"Contemplation Revisited"
November 15, 2023, 6:00 AM

To you I lift up my eyes,
to you enthroned in the heavens.
Our eyes look to the Lord our God,
until he shows us his mercy.
Psalm 123: 1,3

“A life of faith isn’t just about walking with God, but how one walks with humanity. The goal of religion is to improve our willingness and our ability to see,” writes Rabbi Donniel Hartman. Choosing not to see is immoral. Contemplation is the way to see the world as Christ sees it – faithfully in love. A person must let go of indifference and learn how to really see in order to lead an ethical and moral life.

Those words create fear and trepidation for me. I hear yet another project on the horizon. I see more endless nights trying to figure this out. Isn’t going to church every Sunday enough? Now, it’s contemplation? I already do enough prayer, meditation, reading of Scripture. So, what am I missing?

It wasn’t until I began to study the writings of Guigo II the Carthusian (1114 CE - c.1193 CE) that my own disarray of thought came into focus. There is a sequential process that goes into contemplation whether or not we realize it. Seeing beyond what we already know is the major purpose of contemplation.

Guigo II saw that contemplation (or a union with Christ) was preceded by three steps: Scripture, Meditation, Prayer, and only then, Contemplation.

  1. Focusing on the Word (Scripture)

Unique to the Christian tradition is the use of Scripture. Unlike other religions, God comes to us. We do not make our way to God. Scripture shows us how we need to live currently with others in the world. By studying Scripture, we begin to sense something else is going on that is not easily apparent in our everyday chaotic world. Scripture challenges us to empty ourselves of our own self-importance.

  1. Meditation

Meditation is practiced in numerous religious traditions in order to achieve a mentally clear and an emotionally calm state. Meditation is a practice in which an individual uses a technique such as mindfulness (focusing the mind on a particular object, thought, or activity) so that solutions to problems become clear. However, meditation is not contemplation. It’s not about trying to feel good.

While calming oneself may have positive benefits, meditation in terms of Christianity has distinctive characteristics. For Guigo II, meditation occurs when a person ponders the stories of Scripture and asks, “Is there more? And, what does this mean?” When a person realizes that they cannot figure out the answer, meditation drives that individual to prayer asking for someone who is more loving and intelligent to give an answer.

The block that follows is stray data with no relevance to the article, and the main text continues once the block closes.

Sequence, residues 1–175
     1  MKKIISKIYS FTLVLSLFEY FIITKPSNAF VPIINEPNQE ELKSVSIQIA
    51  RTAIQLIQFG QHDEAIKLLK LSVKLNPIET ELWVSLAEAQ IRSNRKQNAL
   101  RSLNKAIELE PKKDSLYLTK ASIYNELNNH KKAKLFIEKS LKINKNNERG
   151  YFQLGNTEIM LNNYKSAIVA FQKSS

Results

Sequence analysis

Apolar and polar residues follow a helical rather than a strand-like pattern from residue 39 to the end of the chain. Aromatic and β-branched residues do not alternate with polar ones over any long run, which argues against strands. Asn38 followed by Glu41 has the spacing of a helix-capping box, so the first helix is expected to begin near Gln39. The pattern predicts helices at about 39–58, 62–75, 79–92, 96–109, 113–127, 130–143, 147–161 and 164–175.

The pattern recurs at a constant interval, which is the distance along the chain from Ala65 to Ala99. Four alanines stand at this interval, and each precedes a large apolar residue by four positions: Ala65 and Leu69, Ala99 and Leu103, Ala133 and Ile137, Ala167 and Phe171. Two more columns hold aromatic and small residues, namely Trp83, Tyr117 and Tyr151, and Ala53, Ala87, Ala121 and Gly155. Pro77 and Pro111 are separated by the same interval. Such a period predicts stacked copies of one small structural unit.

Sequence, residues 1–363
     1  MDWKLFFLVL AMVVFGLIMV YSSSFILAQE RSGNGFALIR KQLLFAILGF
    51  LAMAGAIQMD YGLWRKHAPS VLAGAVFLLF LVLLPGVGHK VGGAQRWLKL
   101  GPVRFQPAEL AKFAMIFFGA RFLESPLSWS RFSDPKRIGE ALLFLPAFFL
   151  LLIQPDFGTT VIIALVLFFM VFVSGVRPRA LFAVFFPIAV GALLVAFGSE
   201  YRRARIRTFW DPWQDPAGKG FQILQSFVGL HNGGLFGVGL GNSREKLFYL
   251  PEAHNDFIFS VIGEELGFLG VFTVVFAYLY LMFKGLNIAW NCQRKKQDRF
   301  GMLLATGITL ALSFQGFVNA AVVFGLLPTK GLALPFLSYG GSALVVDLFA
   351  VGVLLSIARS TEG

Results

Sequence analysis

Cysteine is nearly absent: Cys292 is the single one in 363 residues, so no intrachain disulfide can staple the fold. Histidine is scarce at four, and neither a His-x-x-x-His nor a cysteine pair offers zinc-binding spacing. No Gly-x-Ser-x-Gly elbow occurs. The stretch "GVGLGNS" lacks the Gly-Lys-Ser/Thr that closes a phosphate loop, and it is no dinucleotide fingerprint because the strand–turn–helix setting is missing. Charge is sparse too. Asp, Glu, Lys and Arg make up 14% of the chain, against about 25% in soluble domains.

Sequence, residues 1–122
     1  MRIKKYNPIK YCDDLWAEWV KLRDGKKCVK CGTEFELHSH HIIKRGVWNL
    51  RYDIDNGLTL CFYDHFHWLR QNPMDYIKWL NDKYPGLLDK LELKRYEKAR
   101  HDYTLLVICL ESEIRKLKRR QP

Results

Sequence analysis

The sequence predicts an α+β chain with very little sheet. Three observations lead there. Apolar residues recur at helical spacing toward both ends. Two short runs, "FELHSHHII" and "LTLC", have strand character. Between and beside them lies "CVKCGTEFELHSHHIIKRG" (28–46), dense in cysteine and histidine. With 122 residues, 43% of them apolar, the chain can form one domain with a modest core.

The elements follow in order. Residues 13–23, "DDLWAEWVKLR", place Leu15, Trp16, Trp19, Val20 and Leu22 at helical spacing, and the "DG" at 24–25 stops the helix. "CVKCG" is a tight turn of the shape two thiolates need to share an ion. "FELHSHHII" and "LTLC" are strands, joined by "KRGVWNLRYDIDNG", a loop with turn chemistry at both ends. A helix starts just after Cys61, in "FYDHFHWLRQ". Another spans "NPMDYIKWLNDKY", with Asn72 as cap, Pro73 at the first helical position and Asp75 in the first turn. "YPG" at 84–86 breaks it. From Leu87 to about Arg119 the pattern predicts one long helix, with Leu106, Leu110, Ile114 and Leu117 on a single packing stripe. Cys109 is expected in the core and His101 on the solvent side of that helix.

1. Prayer

In asking God for answers, prayer changes from an initial tenor of pleading with God to one of simply allowing God to be God in the silence – asking for nothing. “Be still and know that I am God.” (Psalm 46:10) This silence opens the door to contemplation.

  1. Contemplation

In deep Christian contemplation, all thoughts are dismissed (no thinking). This comes with constant practice. What emerges is the experience of the intimate immediacy of the love of Christ where God, and you, and others, and the world all are one and have been one, long before creation. It is Eucharistic in nature. In this realization, all perceptions change. We begin to see things for what they are. We see ordinary daily scenes become bright, and change color as we identify ongoing acts of mercy, love, and justice. 

At the same time, we see more clearly the scenes that are devoid of mercy, love, and justice. We begin to recognize root causes of injustice, war, and the sorrow that exists upon the earth. However, it does not stop there.

True contemplation ultimately results in ACTION that follows and addresses inhuman conditions and distorted belief systems. Action is the clearest response to what God has told and requires of each of us: “Do what is right, love mercy, and walk humbly with your God.” (Micah 6:8)

The question now becomes, “What role will contemplation play in your life and in the upcoming Advent Season?”

Prayers and Blessings,

Fr. John